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ADHD & Story Sorcery


Three years ago I started working for Story Planet, a nonprofit that runs creative writing workshops in Toronto. The job entailed going into classrooms accompanied by a team of volunteers and a visual artist, and leading students through a collective writing process known as a Story Maker. Once our group-concocted-story arrived at a natural cliffhanger, students would write individual endings and draw a picture to go with it. The stories were often about ninjas or some permutation of ninjas: zombie-ninjas, shark-ninjas, princess-werewolf-ninjas and once, a centaur-ninja whose stealth, I suspected, was undermined by the clip clop of their hooves.

Initially, the job seemed overwhelmingly difficult: managing a rowdy group of kids throwing out disjointed ideas, and weaving these fifth-grade fancies into a coherent story. Despite the fact that I often have an immense amount of trouble paying attention when one solitary person addresses me, it quickly became clear that I had an aptitude for this Story Sorcery.

One reason it came naturally was that this kind of high intensity, anything goes type environment was similar to the environment of my ADHD mind, where thoughts flit around like over-caffeinated minnows and fragmented dialogues echo against my skull before dropping into the ocean of the unconscious. When talking to one person, the pace can be too slow, the number of perspectives too few. Having a dozen nine-year olds yell at me about ninjas and centaurs was just my speed.

Despite my own immense pleasure in leading Story Makers, it became clear that the children who benefited the most from the workshops were the ones who already worked with confidence and ease. What about the kids who hung back? The ones who disrupted the work; who tentatively offered ideas and then shut down when asked to elaborate? We encouraged volunteers to give them extra attention, but it was rarely enough to fully engage them.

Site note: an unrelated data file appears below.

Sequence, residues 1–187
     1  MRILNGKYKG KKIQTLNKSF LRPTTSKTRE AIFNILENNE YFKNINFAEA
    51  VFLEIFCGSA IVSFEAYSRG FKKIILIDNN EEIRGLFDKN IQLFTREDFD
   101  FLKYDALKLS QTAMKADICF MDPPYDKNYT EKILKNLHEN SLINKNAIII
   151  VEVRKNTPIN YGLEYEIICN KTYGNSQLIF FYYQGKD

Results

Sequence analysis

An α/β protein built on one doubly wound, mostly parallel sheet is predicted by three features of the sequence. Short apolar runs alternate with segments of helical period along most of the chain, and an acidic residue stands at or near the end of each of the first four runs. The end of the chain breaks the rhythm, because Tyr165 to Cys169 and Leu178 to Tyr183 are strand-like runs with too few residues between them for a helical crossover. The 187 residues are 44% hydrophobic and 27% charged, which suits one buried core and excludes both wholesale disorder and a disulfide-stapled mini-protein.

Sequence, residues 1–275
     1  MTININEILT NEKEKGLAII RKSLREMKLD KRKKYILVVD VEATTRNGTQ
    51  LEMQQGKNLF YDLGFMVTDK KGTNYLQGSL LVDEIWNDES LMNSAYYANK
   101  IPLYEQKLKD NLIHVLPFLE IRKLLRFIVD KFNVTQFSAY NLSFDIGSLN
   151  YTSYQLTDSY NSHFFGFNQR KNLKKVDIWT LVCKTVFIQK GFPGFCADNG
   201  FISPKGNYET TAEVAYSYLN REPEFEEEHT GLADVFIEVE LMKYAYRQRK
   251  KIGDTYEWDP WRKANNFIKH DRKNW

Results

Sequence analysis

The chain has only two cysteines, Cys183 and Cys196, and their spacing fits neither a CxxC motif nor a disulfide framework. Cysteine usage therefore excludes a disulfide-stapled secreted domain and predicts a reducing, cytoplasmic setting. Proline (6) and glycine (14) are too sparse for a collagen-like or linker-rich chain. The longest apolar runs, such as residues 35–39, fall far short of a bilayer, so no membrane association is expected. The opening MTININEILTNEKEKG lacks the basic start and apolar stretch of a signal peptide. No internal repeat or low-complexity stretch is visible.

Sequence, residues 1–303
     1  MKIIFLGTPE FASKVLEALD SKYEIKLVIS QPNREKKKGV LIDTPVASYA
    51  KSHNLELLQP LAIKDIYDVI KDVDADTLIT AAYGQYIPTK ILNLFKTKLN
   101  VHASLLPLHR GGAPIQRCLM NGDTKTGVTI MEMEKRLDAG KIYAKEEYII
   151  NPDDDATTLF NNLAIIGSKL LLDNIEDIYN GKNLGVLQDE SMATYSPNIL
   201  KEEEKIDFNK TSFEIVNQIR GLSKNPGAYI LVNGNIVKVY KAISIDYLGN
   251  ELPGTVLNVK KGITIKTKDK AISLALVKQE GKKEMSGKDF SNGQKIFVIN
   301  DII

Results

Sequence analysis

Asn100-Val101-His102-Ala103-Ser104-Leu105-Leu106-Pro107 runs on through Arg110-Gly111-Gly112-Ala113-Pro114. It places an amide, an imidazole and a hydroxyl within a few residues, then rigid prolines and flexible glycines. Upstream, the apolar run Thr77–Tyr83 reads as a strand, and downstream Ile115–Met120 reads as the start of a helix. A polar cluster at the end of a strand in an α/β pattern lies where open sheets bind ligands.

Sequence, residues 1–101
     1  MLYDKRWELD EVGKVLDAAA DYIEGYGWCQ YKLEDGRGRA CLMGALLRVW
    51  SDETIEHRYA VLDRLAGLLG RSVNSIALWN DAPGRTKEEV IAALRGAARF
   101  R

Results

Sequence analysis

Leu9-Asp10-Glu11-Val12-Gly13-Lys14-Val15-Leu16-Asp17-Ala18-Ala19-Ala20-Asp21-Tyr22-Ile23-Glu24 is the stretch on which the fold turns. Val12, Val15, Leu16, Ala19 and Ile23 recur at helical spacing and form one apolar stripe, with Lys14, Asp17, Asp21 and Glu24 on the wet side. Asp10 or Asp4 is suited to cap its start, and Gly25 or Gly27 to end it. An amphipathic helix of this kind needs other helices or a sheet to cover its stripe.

My second year at Story Planet, we developed an extended program that encouraged students to develop stories inspired by their own lives. Our hope was to build a relationship with each student, including the kids who had a harder time with the process. The results were all over the map: some students eagerly embraced the challenge; some formed cliques that would write nothing but thinly veiled Pokémon fan-fiction; others flat out refused to do anything and ran around the classroom until their teachers intervened.


While I’d usually left Story Makers feeling energized and excited, I found that I was leaving the extended program sessions feeling like I’d been dragged through the dirt. Many students did not want to reflect on their lives, or else insisted that they couldn’t: they didn’t have any good ideas; nothing interesting had ever happened to them. In the period immediately following a student’s declaration of defeat, I began to notice a curious phenomenon: I’d completely space out for several seconds before effortfully summoning my focus back to the moment. I’d take a breath and assure the student that an idea would come as we chatted or doodled, and try with all my might to remain present.